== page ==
This Saturday, March 19th, is the tenth anniversary of the first broadcast by Radio Slovakia International. The station was established soon after the split of Czechoslovakia at the beginning of 1993, and now broadcasts in English, French, German, Russian and of course Slovak. And to mark the station's tenth anniversary, a new Spanish service is being launched this weekend. Radio Prague's David Vaughan is in Bratislava for the birthday celebrations. I asked him if Radio Slovakia really had to begin from scratch in 1993?
"Yes, I was already working for Radio Prague, or it was called Radio Czechoslovakia at the time, and with the split of the federation basically what happened was that the Czech part pretty much carried on absolutely as normal. On the other hand, the Slovaks had to start from scratch. They decided to start broadcasting abroad pretty much immediately. There was legislation passed and the department was set up very quickly and at the end of March, 1993 they started broadcasting."
Ten years after, is there much cooperation between us here at Radio Prague and our colleagues in Slovakia?
"Yes, there is quite a lot. We've always remained on very friendly terms, the Velvet Divorce as it were was a friendly split. I've been to visit Radio Slovakia International on many occasions over the last ten years. And we have several concrete projects, for example our German sections produce a common magazine programme, a Czech-Slovak magazine, once a month. We work together on various projects, such as the Radio E project in English, French and German, which is a co-production between several European stations. And also in English of course on Insight Central Europe."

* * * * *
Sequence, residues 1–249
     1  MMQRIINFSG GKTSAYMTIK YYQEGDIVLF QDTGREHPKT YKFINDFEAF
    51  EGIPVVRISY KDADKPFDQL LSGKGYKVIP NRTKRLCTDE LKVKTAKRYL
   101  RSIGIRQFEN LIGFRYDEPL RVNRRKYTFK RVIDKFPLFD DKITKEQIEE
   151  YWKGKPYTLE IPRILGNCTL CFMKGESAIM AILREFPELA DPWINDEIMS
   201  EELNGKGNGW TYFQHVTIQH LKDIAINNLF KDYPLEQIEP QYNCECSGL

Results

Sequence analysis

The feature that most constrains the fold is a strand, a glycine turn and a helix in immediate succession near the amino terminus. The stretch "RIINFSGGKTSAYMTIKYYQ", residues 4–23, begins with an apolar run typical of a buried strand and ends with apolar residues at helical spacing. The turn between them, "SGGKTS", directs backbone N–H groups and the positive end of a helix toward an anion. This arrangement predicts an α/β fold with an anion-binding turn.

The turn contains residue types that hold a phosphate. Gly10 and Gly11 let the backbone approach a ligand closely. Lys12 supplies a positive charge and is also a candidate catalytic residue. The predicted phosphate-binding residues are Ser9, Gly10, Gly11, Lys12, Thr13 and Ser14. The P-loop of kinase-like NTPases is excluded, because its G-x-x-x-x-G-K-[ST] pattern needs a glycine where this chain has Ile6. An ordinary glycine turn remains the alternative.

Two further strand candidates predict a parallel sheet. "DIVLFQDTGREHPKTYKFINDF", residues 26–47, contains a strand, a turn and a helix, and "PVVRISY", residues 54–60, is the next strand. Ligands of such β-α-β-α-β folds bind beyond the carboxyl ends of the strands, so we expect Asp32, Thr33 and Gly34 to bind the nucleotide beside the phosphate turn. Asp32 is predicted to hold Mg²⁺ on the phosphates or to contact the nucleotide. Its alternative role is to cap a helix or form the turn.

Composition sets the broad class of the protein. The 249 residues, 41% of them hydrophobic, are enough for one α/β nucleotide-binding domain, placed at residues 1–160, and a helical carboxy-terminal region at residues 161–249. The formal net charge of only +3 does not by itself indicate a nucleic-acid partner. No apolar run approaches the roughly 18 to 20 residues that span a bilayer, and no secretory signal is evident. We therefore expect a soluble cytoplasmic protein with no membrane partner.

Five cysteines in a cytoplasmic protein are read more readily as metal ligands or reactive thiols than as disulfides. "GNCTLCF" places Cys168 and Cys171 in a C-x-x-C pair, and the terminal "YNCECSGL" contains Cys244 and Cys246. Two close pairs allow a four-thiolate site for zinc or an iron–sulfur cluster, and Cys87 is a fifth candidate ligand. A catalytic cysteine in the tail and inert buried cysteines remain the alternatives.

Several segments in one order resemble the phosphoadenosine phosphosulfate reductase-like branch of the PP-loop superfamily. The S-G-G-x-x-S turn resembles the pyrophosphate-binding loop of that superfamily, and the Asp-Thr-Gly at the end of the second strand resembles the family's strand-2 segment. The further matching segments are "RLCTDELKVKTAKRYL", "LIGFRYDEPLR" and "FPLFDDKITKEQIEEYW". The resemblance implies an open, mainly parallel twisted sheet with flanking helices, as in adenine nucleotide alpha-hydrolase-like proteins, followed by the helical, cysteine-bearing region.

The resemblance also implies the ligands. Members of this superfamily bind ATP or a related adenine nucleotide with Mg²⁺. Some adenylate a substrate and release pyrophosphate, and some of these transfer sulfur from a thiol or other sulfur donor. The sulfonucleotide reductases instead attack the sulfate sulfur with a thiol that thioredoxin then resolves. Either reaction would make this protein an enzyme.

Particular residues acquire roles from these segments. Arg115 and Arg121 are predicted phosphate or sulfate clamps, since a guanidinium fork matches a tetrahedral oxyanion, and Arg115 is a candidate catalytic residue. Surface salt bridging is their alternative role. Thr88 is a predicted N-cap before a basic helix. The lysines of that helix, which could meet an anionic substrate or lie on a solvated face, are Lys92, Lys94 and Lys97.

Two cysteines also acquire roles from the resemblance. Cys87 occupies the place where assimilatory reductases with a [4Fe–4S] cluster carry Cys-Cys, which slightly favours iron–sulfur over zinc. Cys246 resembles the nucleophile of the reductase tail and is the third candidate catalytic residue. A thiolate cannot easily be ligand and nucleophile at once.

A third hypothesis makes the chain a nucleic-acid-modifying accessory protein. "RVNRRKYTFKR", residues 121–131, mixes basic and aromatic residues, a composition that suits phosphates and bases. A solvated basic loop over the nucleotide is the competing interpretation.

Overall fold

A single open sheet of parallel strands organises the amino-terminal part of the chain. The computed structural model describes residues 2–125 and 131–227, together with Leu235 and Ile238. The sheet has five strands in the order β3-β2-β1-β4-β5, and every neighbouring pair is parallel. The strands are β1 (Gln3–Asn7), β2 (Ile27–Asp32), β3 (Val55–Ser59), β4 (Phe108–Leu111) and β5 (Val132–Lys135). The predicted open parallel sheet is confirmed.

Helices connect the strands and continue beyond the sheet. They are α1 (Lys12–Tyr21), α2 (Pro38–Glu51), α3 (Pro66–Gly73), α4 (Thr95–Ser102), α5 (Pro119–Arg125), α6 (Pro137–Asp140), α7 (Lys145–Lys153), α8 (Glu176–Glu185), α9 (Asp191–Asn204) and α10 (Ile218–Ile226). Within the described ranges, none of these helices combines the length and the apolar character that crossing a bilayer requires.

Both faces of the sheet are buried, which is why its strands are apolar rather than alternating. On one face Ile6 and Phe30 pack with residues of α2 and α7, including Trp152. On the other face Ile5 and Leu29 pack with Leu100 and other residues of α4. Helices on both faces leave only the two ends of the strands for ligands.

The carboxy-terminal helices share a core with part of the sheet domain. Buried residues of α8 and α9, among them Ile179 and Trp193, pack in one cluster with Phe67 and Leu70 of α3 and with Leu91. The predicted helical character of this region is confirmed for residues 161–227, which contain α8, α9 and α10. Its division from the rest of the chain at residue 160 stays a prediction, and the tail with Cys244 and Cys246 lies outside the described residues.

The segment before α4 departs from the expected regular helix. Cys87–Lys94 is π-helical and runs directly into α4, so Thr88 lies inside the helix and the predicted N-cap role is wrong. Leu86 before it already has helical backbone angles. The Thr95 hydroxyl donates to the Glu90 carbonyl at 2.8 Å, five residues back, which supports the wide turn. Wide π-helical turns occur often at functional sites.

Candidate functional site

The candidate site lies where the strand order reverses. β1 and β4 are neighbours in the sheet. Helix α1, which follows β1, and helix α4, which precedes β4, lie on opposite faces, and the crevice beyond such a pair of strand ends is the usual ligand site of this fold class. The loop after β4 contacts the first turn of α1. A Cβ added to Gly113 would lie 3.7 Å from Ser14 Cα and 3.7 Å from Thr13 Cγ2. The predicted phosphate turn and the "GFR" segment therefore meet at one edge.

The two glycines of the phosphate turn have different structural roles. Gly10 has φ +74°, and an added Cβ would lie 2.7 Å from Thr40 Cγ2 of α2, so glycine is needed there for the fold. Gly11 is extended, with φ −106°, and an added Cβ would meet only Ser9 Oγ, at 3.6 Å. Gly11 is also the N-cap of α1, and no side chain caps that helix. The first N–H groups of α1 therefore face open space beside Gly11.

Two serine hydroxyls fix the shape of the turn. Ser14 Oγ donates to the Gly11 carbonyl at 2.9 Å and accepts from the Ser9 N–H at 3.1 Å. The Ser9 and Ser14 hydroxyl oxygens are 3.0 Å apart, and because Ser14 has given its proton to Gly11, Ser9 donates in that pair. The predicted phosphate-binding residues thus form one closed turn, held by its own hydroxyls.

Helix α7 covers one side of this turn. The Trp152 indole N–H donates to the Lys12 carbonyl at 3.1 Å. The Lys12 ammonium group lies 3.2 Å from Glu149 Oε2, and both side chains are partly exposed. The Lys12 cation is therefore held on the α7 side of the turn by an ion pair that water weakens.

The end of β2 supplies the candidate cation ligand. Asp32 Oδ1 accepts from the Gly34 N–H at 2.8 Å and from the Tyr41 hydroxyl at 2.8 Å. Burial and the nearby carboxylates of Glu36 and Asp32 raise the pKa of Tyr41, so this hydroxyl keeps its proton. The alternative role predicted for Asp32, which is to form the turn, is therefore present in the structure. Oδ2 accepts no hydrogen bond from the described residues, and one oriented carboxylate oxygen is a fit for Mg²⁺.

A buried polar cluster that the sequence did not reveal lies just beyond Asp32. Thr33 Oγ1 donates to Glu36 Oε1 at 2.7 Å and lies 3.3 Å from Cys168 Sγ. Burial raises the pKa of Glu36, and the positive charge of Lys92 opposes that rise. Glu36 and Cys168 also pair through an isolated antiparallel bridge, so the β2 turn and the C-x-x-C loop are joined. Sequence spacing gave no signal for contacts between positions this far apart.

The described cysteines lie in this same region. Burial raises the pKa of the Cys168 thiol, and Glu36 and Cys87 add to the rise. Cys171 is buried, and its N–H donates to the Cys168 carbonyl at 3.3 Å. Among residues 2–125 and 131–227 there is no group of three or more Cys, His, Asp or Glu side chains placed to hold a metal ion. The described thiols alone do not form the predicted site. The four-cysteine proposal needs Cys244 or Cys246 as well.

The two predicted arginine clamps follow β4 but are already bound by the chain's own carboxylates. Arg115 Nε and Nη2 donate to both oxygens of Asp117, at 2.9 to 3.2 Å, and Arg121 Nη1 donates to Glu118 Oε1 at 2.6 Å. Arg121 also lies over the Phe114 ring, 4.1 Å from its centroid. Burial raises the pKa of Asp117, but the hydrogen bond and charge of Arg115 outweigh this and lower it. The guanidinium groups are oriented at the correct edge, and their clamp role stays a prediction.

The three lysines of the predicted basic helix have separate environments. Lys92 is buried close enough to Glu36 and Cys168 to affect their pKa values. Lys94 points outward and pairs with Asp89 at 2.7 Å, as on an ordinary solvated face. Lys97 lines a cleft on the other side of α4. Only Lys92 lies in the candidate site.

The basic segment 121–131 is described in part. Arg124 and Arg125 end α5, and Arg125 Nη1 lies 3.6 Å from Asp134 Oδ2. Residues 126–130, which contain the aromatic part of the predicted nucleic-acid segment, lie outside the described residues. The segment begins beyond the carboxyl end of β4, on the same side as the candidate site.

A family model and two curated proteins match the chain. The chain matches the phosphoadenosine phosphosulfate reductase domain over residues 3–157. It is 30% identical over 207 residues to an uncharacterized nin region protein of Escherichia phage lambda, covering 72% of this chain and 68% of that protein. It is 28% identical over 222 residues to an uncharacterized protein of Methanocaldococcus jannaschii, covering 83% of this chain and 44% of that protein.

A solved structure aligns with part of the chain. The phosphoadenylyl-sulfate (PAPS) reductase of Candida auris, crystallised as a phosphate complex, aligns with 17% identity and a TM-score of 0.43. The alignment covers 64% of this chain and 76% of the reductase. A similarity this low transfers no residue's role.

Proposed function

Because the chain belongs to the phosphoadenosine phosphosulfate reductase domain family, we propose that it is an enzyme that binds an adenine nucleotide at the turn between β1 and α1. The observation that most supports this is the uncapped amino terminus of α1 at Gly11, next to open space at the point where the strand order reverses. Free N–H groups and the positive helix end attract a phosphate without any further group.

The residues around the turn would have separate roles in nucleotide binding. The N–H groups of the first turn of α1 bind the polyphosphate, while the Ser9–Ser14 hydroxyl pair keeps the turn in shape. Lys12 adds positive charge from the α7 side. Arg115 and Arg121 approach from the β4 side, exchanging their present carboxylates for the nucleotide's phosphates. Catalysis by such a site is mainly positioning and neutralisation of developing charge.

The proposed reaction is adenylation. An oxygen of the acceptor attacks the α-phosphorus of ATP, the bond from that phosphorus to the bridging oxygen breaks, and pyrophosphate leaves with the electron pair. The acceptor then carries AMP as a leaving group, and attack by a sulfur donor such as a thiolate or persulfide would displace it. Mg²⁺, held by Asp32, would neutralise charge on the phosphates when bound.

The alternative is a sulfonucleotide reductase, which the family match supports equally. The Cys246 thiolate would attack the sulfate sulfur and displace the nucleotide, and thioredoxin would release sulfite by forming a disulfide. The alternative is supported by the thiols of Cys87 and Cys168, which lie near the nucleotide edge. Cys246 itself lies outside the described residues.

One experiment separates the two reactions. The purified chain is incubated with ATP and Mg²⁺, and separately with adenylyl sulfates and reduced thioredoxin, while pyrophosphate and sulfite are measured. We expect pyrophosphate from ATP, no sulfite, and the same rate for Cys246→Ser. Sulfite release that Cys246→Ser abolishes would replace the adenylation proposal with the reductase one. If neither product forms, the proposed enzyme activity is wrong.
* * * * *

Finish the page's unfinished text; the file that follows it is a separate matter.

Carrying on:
This is probably hard to tell but would you say there's an overlapping listenership, so to speak?
"I think there's very much an overlapping listenership, a lot of people who listen to Radio Prague listen to Radio Slovakia, and vice versa. We're very close on the dial. Radio Slovakia actually has a certain advantage over us on short-wave, that they have stronger transmitters than we have, so there signal is slightly better than ours. In fact some people even say that, because we're close to each other on the dial - certainly in Europe on the 5930 frequency that we broadcast on - some people say that there is sometimes interference between the two stations, but that of course isn't any kind of deliberate measure."
So you don't see Radio Slovakia as competition?
"I think on the contrary that co-operation between the smaller stations is the way to the future, that we really need work hard together and to find as many ways as possible of working together."
And you can find out more about Radio Slovakia International at www.slovakradio.sk/rsi/
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